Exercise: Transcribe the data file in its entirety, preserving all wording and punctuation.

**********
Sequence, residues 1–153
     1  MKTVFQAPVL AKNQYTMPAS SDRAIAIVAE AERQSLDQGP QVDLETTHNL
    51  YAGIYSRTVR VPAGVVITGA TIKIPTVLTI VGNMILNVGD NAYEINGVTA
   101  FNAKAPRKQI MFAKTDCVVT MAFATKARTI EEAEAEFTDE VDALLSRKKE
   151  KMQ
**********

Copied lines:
Sequence, residues 1–153
     1  MKTVFQAPVL AKNQYTMPAS SDRAIAIVAE AERQSLDQGP QVDLETTHNL
    51  YAGIYSRTVR VPAGVVITGA TIKIPTVLTI VGNMILNVGD NAYEINGVTA
   101  FNAKAPRKQI MFAKTDCVVT MAFATKARTI EEAEAEFTDE VDALLSRKKE
   151  KMQ